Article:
No. 172. Report of Colonel Alfred B. McCalmont, Two hundred and eighth Pennsylvania Infantry, commanding First Brigade.1
HDQRS. FIRST BRIG., THIRD DIV., NINTH ARMY CORPS,
April 11, 1865.
MAJOR: I have the honor herewith respectfully to transmit the report of Lieutenant Colonel W. H.. H. McCall, Two hundredth Pennsylvania
Volunteers, who commanded this brigade on Sunday, April 2, during the attack on the enemy’s works before Petersburg and in front of Fort Sedgwick together with the reports of the respective regimental commanders,of the respective regimental commanders, of the operations on that day and on the morning of Monday, 3rd:
I reported for duty at headquarters Third Division late on the evening of the 2nd, on the expiration of my leave of absence. By order of General Hartranft, on the morning of the 3rd, at 3 o’clock, I assumed command of this brigade and put the men under arms. Although many circumstances, such as the burning of buildings in Petersburg, the cessation of picket-firing, and the occurrence of explosion toward morning rendered it probable that the enemy were evacuating the city, the matter was by no means reduced to certainty when our lines were formed before daylight for a charge on the main line of works. In compliance with orders from General Hartranft at the first signs of daylight the brigade advanced in column of regiments. A line of skirmishers, under command of Lieutenant-Colonel Heintzelman, Two hundred and eighth Pennsylvania Volunteers, and Lieutenant Colonel L. A. Dodd, Two hundred and eleventh Pennsylvania Volunteers, preceded the column a few roads. The command advanced steadily and in good order, notwithstanding the darkness, the difficult nature of the ground, and the uncertainty whether a volley from the enemy or the fire of a battery might not at any moment greet the head of the column. On reaching the highest ground it became evident that evacuation had been accomplished. The command moved forward and occupied the city. On arriving at its central portion I observed a few men of the First Division, who had reached that point before us. Shortly afterward, at the court-house, I saw Lieutenant-Colonel Ely, to whom the formal surrender of the city had been already made. I am satisfied, however, that this brigade was the first which entered the limits of the city in a body.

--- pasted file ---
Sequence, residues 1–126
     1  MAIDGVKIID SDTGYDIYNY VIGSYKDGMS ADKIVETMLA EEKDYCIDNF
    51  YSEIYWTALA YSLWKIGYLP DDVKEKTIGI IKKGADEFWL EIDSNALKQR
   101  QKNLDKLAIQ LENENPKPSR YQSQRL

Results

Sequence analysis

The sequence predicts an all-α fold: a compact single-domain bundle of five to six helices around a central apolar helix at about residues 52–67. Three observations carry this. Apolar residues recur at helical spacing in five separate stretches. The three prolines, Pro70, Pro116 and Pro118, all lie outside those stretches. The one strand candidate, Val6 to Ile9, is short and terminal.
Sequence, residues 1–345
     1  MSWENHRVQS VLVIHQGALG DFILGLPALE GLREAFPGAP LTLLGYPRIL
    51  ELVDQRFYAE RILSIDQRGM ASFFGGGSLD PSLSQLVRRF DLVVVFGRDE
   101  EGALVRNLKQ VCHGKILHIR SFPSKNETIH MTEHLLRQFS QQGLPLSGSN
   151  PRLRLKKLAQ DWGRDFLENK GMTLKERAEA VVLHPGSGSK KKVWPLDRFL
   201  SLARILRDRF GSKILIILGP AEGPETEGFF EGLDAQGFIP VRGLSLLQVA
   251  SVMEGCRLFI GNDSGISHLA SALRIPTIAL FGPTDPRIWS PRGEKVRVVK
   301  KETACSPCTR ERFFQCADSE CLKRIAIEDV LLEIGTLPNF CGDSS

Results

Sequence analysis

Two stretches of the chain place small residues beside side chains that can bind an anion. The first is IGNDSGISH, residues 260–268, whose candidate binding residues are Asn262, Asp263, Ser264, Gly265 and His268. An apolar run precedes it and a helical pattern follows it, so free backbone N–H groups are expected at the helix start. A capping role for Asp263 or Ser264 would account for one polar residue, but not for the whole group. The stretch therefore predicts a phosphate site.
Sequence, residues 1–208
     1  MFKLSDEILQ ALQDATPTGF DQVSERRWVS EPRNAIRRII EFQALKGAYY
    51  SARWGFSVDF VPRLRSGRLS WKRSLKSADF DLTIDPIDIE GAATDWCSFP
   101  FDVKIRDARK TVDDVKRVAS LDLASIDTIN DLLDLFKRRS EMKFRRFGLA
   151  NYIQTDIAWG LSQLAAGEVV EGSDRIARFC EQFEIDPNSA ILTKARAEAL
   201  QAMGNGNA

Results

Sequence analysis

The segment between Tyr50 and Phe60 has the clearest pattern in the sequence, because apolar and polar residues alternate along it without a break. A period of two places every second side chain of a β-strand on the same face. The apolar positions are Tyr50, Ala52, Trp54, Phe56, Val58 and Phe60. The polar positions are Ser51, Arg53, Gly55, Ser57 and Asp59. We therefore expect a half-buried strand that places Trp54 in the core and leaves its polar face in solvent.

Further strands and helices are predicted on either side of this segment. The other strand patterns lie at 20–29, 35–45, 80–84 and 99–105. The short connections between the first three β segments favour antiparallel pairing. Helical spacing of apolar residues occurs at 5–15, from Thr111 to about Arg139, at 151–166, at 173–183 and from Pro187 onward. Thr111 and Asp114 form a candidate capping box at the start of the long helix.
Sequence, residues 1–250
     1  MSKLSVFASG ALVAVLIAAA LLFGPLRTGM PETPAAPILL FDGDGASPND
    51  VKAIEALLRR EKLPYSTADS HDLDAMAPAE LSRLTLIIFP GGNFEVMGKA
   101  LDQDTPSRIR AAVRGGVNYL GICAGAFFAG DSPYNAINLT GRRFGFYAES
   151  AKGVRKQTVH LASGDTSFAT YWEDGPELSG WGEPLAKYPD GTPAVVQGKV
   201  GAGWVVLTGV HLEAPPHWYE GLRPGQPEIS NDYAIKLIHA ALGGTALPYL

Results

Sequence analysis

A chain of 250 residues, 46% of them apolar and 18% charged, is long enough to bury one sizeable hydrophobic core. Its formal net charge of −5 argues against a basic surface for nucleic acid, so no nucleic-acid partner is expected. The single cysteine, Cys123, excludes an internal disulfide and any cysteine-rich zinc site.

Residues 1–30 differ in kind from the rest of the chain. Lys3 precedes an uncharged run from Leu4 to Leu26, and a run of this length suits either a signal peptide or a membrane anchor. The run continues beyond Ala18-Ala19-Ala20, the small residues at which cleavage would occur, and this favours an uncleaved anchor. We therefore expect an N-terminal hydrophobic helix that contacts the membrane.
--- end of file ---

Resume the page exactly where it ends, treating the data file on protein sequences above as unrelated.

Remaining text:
Finding no convenient place to quarter my command I returned with it to the outskirts and from thence to our old camps, north of the Avery house. On going back a considerable number of prisoners were captured. These men bad been concealed, as we crossed the works, by the darkness and by the windings of the fortifications. The whole number was about 100. A great many tents and some heavy pieces of artillery had been left by the enemy in the works over which we passed but we left them in charge of the troops that had not participated in the advance.
On returning to camp the brigade was put in preparation for marching, and during the afternoon of the same day moved through Petersburg, out the Burkeville road, in rear of the trains of the army.
I respectfully refer you to the report of Lieutenant-Colonel McCall who command the brigade on Sunday and the reports of the regimental commanders for the detailed of operations during that day.
The list of casualties has been already furnished.
I have the honor to be, very respectfully, your obedient servant,
A. B. McCALMONT,
Colonel 208th Pennsylvania Volunteers, Commanding Brigade.
Major JOHN D. BERTOLETTE,
Asst. Adjt. General Third Division, Ninth Army Corps.
- The War of the Rebellion: A Compilation of the Official Records of the Union and Confederate Armies, Volume XLVI, Part 1 (Serial Number 95), pp. 1066-1067 ↩